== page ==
Federal Data Sharing
This post accompanies the Sci on the Fly podcast “Data Science (https://pfellowsqaweb02.aaas.org/blog/podcast-what-makes-data-scientist).”
In the last Sci on the Fly podcast on data science, several data scientists were asked “What is data science?” Although each data scientist thinks of data science differently, one conversation that continues to be discussed is how the data science community should share data.
In the podcast, Amy Nurnberger, a research data manager at the Center for Digital Research and Scholarship at Columbia University, discussed the importance of changing the culture around data sharing in order for data sharing to become the norm. Additionally, Sarah Callaghan at the Center for Environmental Data Analysis mentioned the role incentives for data sharing play in encouraging researchers to share their data.
Within the last few years, the discussion of “open data” or “public access” to data has increased drastically within the data science community and this is likely due in part to Federal initiatives calling for increased data sharing. On February 22, 2013, the White House Office of Science and Technology Policy (OSTP) released a memorandum, Increasing Access to the Results of Federally Funded Scientific Research (https://www.whitehouse.gov/sites/default/files/microsites/ostp/ostp_public_access_memo_2013.pdf), directing federal agencies and offices to develop plans indicating how they will make peer-reviewed, federally-funded publications and scientific data accessible to the public, industry, and the scientific community. That same year, President Obama also released an executive order entitled Open Data Policy-Managing Information as an Asset (https://www.whitehouse.gov/sites/default/files/omb/memoranda/2013/m-13-13.pdf) which calls Federal agencies to collect and create information in a way that supports downstream information processing and dissemination. This mandate encourages the use of machine-readable and open formats, and the development of data standards and metadata for all new information creation and collection efforts.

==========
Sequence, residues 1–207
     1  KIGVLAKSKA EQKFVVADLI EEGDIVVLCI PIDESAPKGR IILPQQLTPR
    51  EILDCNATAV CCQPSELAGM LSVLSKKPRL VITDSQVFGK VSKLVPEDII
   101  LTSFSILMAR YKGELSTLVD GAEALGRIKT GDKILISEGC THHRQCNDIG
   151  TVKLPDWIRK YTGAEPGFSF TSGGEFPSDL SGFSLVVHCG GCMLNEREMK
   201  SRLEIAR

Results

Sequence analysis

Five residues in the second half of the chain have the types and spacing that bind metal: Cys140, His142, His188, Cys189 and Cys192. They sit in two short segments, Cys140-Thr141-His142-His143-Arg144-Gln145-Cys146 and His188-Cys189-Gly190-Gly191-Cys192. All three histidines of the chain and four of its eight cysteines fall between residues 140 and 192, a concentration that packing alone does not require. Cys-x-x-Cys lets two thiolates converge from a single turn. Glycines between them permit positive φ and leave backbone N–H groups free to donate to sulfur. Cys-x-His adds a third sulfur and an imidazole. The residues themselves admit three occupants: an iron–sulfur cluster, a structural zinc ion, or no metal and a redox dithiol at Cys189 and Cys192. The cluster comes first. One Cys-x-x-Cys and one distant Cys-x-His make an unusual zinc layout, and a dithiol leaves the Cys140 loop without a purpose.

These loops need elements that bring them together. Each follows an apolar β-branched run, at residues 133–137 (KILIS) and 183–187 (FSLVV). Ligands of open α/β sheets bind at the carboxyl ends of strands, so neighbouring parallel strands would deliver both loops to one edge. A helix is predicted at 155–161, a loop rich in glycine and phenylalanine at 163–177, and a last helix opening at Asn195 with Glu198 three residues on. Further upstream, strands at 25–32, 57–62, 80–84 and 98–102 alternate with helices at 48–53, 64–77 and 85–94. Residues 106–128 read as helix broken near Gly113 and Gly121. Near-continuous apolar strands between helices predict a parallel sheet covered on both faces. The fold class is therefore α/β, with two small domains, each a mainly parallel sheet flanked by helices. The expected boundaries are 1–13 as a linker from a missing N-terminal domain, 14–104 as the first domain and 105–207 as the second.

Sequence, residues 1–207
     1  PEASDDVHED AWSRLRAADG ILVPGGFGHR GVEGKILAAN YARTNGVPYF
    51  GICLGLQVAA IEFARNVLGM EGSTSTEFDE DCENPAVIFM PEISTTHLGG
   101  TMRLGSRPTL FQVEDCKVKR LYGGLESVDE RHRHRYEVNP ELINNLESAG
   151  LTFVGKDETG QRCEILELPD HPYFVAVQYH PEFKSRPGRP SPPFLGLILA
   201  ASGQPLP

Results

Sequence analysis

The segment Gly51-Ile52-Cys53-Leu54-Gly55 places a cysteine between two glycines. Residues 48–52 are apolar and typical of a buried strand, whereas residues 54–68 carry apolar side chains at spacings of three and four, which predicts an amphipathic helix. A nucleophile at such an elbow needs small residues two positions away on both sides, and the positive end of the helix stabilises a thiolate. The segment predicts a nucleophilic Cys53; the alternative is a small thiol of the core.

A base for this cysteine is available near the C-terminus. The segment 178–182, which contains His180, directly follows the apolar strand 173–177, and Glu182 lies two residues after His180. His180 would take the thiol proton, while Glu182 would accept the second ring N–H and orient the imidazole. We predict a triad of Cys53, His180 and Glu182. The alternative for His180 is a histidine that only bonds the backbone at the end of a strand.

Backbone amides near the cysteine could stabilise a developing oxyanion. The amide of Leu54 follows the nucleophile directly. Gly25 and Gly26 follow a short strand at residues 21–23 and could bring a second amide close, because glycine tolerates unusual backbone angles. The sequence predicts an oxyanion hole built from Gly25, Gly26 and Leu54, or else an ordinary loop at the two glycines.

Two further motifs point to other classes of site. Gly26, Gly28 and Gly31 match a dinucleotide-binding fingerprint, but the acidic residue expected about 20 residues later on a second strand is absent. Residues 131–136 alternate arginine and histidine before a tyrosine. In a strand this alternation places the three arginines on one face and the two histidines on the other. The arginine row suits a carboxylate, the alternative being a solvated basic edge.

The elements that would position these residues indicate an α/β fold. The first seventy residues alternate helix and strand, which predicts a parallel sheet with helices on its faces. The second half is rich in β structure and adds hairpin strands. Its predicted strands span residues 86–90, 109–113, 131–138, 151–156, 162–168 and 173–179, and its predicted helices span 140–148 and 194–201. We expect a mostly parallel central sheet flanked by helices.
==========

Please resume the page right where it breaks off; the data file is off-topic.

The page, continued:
In response to these federal initiatives, several Federal agencies have since developed and made public, plans that outline their efforts for complying with these directives. To get a better idea of how federal agencies are implementing these directives, let's take a look at what the National Institutes of Health (NIH) has done to move public access forward.
Data Management Activities at the National Institutes of Health
In response to the Federal Initiatives, the NIH developed the National Institutes of Health Plan for Increasing Access to Scientific Publications and Digital Scientific Data from NIH Funded Scientific Research (https://grants.nih.gov/grants/NIH-Public-Access-Plan.pdf). While the NIH has already met federal standards governing public access to publications, the NIH plan focuses on what the NIH will do in regards to data. The NIH plan indicates that the NIH is considering: